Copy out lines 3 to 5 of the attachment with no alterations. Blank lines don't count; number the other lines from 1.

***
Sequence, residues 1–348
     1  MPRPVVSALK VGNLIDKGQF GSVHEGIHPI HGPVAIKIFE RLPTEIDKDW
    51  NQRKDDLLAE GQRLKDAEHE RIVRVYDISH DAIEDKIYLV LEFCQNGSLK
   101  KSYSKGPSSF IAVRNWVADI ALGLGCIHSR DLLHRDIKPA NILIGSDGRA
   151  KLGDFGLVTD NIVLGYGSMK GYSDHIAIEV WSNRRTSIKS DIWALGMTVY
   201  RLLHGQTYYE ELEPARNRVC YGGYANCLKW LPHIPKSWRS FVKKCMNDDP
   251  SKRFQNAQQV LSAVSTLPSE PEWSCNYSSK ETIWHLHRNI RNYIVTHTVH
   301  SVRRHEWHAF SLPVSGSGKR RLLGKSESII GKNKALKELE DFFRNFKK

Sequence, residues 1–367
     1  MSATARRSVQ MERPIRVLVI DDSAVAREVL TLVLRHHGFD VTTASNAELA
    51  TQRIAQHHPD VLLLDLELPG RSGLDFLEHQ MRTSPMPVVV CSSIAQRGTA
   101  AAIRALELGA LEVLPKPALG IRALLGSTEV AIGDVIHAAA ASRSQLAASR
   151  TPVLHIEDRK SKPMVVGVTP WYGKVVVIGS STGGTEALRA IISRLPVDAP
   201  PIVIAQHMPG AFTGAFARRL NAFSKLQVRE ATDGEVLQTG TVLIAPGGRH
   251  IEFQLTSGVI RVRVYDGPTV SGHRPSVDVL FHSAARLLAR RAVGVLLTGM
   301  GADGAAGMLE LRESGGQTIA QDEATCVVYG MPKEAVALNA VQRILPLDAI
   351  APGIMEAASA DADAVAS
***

    51  NQRKDDLLAE GQRLKDAEHE RIVRVYDISH DAIEDKIYLV LEFCQNGSLK
   101  KSYSKGPSSF IAVRNWVADI ALGLGCIHSR DLLHRDIKPA NILIGSDGRA
   151  KLGDFGLVTD NIVLGYGSMK GYSDHIAIEV WSNRRTSIKS DIWALGMTVY